Researchers develop novel approach to dengue therapy
The research team from MIT's Koch Institute of Integrative Cancer Research set out to develop an antibody for dengue that would target the A strand of the dengue virus' envelope protein. Previous antibodies developed to target the A strand had a high potency but were unable to neutralize all four serotypes of the virus.
Ram Sasisekharan, a biological engineering professor at MIT, and his team analyzed existing antigen complexes to determine how to mutate an antibody that would target the A strand in all four serotypes. After testing the mutated antibody on samples of the four dengue serotypes, the researchers found a 450-fold increase in binding to dengue 4, a 20-fold increase in binding to dengue 2 and lesser improvements in binding to dengue 3 and dengue 1.
"By learning and validating data from numerous three-dimensional structures of interacting antibody and protein complexes, the researchers gained valuable insights that enabled them to redesign a dengue virus envelope antibody to improve its binding by an astounding 450-fold," Subhash Vasudevan, an associate professor at the Singapore-based Duke-NUS Graduate Medical School, said. "The cross-reactive and pan-dengue neutralizing antibody was protective against all four serotypes in cell culture and in an animal model of infection."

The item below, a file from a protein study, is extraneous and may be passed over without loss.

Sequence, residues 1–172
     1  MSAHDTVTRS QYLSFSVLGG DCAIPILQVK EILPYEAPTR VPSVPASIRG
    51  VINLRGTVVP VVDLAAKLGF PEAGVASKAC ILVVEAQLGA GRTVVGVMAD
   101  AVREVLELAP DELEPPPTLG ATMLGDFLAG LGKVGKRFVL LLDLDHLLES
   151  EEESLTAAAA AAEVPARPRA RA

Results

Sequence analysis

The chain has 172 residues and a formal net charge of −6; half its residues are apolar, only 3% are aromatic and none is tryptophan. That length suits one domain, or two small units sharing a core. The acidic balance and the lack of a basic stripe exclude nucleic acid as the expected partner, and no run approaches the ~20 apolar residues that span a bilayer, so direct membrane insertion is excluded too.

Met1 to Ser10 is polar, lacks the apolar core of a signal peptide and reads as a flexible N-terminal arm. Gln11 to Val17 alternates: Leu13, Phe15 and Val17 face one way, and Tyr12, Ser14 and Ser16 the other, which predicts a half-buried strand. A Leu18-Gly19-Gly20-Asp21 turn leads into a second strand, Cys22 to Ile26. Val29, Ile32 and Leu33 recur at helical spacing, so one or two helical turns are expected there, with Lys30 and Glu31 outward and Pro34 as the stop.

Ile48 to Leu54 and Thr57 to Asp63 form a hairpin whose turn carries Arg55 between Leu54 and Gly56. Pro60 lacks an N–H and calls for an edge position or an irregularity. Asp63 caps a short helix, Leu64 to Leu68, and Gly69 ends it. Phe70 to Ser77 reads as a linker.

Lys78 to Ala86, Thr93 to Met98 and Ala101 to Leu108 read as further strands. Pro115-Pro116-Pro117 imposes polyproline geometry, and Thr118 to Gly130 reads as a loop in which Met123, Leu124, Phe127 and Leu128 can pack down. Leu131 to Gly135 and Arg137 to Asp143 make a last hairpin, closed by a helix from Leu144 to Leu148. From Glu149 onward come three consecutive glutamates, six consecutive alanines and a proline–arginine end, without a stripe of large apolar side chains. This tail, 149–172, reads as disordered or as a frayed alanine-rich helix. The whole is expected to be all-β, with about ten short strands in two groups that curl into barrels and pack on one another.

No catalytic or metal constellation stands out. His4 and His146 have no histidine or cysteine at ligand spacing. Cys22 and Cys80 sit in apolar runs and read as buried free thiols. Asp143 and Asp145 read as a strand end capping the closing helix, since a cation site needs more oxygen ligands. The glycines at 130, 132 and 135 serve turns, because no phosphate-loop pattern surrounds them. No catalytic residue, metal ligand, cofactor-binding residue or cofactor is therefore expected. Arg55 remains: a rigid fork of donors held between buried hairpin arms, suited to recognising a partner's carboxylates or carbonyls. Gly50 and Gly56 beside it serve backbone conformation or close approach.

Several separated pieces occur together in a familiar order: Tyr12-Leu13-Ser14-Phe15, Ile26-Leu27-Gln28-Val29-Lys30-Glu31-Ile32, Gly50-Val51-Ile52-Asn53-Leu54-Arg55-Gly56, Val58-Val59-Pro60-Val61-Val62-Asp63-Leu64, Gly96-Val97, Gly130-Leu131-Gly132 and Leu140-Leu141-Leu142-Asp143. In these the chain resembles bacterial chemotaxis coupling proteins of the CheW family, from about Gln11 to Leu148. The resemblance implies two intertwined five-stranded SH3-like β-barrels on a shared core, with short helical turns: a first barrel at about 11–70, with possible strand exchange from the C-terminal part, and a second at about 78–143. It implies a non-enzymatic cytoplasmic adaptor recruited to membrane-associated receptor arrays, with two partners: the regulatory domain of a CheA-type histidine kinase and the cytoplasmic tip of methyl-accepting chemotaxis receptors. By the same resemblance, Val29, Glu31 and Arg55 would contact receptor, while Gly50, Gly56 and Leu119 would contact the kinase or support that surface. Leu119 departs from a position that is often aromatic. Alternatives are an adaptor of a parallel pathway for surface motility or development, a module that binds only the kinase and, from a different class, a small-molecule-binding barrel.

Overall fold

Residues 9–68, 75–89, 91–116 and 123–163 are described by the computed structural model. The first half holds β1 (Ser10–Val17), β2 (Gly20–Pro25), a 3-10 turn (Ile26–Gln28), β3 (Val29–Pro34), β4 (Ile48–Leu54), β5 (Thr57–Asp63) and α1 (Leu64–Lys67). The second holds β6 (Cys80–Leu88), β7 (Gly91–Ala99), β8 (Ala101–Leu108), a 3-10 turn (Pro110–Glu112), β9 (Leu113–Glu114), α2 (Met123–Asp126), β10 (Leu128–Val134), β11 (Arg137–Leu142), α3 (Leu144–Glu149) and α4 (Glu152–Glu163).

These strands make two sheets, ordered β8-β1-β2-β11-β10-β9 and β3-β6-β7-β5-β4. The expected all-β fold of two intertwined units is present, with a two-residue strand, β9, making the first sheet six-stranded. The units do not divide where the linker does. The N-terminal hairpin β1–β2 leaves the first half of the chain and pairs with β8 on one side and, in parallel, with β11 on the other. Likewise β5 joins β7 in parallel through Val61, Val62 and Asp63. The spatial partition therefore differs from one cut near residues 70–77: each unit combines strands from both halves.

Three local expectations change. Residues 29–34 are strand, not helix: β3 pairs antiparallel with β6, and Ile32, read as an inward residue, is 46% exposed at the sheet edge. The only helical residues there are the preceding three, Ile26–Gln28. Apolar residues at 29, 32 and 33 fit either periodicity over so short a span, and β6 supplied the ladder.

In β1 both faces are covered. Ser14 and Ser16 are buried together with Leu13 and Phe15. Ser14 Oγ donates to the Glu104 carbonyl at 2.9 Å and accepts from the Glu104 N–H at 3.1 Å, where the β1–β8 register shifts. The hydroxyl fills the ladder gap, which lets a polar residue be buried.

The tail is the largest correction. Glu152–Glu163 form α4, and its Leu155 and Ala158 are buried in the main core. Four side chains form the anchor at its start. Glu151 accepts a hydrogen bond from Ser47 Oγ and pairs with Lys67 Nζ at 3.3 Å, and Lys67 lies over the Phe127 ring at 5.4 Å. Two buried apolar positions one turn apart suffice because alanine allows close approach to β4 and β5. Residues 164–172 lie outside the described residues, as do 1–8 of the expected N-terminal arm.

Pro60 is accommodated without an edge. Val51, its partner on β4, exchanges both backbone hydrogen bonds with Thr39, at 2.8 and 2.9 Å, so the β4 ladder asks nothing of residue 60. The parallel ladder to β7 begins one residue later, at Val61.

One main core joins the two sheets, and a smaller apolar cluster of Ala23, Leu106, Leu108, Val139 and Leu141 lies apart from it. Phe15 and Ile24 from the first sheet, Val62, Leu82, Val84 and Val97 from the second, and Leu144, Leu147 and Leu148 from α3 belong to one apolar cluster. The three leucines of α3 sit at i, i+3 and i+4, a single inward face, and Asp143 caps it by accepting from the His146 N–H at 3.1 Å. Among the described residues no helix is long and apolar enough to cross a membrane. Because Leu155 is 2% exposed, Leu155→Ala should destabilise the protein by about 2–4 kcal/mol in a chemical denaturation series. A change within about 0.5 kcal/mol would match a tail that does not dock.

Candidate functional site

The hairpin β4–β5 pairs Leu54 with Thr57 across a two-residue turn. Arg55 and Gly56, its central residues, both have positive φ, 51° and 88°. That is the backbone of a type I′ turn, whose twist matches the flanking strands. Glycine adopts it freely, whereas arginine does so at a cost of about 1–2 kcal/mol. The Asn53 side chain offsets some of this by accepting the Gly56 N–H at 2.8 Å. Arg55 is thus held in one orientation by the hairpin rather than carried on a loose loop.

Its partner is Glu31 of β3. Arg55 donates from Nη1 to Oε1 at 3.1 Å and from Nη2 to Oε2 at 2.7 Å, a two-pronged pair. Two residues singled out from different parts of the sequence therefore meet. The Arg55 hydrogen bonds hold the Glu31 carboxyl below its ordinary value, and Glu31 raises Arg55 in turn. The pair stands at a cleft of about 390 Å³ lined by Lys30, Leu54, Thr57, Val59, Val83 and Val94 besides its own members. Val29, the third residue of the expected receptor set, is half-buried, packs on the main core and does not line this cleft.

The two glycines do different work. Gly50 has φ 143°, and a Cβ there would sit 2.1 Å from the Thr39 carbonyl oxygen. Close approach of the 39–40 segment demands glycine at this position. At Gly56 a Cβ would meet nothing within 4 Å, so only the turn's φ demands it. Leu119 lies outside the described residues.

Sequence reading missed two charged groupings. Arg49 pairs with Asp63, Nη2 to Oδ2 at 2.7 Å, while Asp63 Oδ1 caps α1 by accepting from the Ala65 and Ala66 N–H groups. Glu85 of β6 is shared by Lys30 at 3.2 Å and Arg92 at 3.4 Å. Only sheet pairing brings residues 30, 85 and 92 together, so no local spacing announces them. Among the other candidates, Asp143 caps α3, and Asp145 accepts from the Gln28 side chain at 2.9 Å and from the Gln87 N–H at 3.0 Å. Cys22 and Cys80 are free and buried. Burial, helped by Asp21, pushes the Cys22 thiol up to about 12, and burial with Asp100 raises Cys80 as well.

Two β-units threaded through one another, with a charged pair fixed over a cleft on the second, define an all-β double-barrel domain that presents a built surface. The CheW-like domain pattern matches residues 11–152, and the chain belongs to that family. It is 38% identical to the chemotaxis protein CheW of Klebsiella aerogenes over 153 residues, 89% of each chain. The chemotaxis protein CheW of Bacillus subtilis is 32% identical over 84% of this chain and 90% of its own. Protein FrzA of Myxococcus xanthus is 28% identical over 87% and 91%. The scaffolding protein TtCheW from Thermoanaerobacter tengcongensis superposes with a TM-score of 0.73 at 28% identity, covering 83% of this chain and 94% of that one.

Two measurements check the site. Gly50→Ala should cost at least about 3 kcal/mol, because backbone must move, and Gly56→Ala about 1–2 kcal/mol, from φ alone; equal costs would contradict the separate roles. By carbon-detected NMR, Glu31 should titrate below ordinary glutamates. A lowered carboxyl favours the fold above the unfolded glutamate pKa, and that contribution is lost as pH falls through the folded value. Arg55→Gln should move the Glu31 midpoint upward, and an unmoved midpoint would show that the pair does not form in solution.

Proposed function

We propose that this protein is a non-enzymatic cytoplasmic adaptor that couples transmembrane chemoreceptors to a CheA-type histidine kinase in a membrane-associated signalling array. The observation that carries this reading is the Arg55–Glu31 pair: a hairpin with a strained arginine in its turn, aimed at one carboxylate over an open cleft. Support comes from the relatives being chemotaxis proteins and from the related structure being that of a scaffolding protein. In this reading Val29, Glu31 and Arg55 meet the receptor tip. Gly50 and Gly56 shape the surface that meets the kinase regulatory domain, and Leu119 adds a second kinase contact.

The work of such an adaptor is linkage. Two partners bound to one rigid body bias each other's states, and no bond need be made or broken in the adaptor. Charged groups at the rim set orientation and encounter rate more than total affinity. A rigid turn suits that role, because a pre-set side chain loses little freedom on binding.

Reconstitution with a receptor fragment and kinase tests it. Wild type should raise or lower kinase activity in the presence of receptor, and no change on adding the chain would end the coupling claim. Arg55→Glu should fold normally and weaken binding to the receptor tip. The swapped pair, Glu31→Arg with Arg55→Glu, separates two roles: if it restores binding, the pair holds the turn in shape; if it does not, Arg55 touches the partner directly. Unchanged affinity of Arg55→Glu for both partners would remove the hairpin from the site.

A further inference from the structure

The team published the results of the study on Monday in Proceedings of the National Academy of Sciences.
The researchers are preparing for potential preclinical trials and hope to test the mutated antibody on humans within the next two or three years. In the meantime, the researchers will use their immunotherapy approach to test other targets, such as the influenza virus.